While we were discussing the needs, I shall never forget that the Director of Parks and Recreation opined that transportation is not a problem for the poor because “all poor people have cars.”  As evidence to support his claim, he pointed to all the cars parked on the front yards and streets in the poor neighborhood he’d visited as part of his job.

Now, he’s not wrong that many poor people own cars.  But, is he right that they don’t have a transportation problem?  No!  Many of those cars were parked in the front lawn precisely because they were jalopies!  They don’t run they are broken, they are unreliable, etc.  Yes, for $200-$500, you could buy a used car.  But, how reliable is it?  Will it get you to work on time everyday or will it leave you stranded more often than not?  If we want to help the poor, should we leave them to that fate, or should we try to provide access to more reliable transportation to ensure that they could get to work on time everyday, so that they could hold a job, pay their bills, keep their homes, feed their children, etc.?

(My first car, for example, was purchased for $300 while I was in college.  Eventually, it burst into flames — on the day I had my wisdom teeth removed, no less.  Wonderful, right?!!  You should have seen it: people around us ran over with their fire extinguisher to put out the flames, then the firemen showed up and doused my entire care with water.  Then, they tried to ask your uncle (who drove me to and from the dentist) and I what happened: he pointed to me as the car owner, and I tried to answer with a mouthful of bloody gauze from the removed wisdom teeth.  Good times, right?  My second car — which was given to me by a friend and for which I paid $200 to avoid a social debt — fared no better.  One of your other uncles was driving the car over a mountain pass when it gasped its last breath, exhaled a plume of white smoke, and died.  He was stranded on some mountain top in the middle of nowhere.  Great, right?!!)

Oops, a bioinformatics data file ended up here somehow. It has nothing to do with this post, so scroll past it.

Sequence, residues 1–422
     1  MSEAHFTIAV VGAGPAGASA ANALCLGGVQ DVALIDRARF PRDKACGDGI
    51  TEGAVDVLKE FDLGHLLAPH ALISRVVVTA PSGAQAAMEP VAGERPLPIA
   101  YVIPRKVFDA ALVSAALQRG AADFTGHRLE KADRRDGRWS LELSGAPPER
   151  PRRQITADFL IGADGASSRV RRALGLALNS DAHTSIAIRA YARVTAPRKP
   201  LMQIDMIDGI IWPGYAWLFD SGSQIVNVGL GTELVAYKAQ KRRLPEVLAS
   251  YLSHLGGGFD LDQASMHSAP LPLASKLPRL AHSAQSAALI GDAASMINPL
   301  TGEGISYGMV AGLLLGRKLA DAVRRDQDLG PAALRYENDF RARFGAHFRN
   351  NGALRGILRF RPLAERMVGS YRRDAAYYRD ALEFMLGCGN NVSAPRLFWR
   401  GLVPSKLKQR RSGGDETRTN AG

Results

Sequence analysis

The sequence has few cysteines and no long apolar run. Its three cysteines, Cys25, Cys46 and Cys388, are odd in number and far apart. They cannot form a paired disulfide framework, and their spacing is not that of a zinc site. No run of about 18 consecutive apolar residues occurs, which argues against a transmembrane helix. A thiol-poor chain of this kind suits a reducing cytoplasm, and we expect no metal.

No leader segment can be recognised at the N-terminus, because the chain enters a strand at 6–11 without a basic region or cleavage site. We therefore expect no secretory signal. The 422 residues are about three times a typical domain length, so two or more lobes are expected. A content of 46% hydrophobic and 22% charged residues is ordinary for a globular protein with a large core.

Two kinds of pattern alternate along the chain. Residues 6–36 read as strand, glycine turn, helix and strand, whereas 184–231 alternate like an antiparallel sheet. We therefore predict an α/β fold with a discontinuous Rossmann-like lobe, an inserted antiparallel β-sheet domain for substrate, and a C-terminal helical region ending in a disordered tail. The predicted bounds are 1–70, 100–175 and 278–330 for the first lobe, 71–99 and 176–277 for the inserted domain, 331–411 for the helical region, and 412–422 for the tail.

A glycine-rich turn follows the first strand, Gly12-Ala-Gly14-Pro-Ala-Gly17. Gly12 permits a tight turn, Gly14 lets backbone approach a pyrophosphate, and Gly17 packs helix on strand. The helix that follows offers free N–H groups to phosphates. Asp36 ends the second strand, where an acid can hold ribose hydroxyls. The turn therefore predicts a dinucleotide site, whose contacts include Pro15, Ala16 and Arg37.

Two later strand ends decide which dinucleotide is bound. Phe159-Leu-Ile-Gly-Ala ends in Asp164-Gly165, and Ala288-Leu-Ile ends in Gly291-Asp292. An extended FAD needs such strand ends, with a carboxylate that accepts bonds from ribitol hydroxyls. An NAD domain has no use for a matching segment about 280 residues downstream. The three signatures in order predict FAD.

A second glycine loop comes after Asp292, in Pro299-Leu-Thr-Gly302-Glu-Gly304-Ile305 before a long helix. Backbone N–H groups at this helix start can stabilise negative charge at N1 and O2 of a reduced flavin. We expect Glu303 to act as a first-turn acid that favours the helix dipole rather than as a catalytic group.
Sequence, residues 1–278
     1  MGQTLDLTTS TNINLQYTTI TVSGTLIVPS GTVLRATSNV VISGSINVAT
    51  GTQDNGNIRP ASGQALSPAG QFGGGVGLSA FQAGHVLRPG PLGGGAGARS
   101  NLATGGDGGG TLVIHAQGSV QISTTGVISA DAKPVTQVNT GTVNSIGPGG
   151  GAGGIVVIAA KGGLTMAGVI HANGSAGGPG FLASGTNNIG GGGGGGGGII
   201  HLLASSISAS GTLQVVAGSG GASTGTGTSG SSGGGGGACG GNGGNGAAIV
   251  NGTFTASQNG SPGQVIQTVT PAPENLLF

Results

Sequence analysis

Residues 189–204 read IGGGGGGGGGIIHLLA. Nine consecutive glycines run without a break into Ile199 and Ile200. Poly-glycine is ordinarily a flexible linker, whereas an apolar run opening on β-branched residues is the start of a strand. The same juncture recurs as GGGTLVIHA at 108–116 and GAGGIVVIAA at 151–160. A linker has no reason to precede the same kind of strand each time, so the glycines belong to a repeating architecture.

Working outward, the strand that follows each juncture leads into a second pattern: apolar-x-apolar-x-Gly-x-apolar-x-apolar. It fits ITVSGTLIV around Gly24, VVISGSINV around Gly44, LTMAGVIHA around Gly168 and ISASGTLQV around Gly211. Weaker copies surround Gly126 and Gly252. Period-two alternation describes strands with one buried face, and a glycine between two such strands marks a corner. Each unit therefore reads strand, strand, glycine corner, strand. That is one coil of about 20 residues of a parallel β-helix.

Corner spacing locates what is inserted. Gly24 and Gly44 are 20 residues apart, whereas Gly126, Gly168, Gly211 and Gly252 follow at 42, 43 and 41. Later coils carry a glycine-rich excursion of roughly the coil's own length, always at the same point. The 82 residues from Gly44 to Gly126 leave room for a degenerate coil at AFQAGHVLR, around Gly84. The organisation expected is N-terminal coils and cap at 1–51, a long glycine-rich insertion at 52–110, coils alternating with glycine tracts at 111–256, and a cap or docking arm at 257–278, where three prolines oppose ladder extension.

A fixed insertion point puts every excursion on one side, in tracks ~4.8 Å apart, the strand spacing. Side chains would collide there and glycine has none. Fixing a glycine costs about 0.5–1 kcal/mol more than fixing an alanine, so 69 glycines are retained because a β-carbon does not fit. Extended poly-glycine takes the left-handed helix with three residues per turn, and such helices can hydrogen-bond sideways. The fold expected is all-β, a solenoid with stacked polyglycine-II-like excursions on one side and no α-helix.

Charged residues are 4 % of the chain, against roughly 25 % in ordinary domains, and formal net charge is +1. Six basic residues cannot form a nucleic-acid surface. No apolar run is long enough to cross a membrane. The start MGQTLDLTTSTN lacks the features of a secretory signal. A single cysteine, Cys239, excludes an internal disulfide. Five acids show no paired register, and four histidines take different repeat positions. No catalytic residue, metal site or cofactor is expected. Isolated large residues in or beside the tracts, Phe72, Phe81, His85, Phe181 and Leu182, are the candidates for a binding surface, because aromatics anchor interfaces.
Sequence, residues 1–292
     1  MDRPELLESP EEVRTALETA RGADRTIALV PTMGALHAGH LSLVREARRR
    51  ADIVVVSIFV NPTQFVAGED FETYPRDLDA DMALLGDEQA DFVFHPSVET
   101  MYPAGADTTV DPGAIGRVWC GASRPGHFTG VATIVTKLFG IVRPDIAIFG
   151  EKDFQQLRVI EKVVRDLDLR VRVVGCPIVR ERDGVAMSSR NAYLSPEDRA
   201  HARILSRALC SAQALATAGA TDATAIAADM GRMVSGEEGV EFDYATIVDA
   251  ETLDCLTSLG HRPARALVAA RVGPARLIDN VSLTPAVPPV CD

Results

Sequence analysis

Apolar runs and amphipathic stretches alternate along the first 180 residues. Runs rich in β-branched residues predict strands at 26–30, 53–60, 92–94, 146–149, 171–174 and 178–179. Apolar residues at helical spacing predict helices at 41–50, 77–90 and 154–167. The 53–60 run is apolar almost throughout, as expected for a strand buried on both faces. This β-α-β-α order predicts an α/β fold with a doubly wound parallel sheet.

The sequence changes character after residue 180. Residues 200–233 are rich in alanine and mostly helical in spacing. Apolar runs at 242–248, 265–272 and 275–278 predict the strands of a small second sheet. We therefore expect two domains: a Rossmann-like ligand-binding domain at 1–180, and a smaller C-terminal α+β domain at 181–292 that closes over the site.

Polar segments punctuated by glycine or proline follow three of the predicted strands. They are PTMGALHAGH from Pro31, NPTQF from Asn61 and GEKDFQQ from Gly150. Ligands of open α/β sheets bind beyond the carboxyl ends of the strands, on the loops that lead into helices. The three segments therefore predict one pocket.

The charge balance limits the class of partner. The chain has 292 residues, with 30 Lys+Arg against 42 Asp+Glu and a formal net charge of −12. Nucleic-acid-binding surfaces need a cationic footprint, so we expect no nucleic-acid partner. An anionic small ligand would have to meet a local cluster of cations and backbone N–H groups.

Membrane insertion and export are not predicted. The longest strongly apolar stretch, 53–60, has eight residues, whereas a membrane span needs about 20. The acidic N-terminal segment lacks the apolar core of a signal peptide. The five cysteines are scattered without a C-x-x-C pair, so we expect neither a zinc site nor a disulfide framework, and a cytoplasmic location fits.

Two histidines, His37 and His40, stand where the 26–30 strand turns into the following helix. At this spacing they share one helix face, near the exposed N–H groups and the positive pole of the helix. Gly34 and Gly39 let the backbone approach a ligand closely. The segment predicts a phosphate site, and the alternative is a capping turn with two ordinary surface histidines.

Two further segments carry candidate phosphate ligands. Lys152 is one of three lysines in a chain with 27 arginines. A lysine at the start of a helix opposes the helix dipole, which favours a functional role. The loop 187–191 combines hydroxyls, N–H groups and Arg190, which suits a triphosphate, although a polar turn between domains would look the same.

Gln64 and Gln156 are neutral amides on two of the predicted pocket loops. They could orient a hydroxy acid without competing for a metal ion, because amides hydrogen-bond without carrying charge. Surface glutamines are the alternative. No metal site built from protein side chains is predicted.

Now regarding the LIFT, thankfully, one of the other directors disabused this director of his misconceptions.  We then went on to discuss options such as free tokens for public transportation, providing more low-income housing that have easy access to public transportation, etc.

This is an example of the helper making ignorant assumptions about the needs of the helpees without bothering to take the time to verify for himself the accuracy of his assumptions.  Do better.

Help others when you can, my sons.  Life is more beautiful when shared.

But, if you cannot help, don’t make it worse for them by blindly and arrogantly imposing your will on them.  You will do more harm in the process.   As mentioned above, even if the helpees ignored your ineffective “help”, other helpers may see that this target population already is getting help from someone, and they may move on to other target populations, thereby denying this group of the help they truly needed.  Be better.

All my love, always,

Dad

 

 

5 years and 10 days. Life is sales. Be good at it by focusing on the needs of others, instead of on what you are selling — your talents, your candidacy, your idea, etc.

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My dearest Shosh and Jaialai: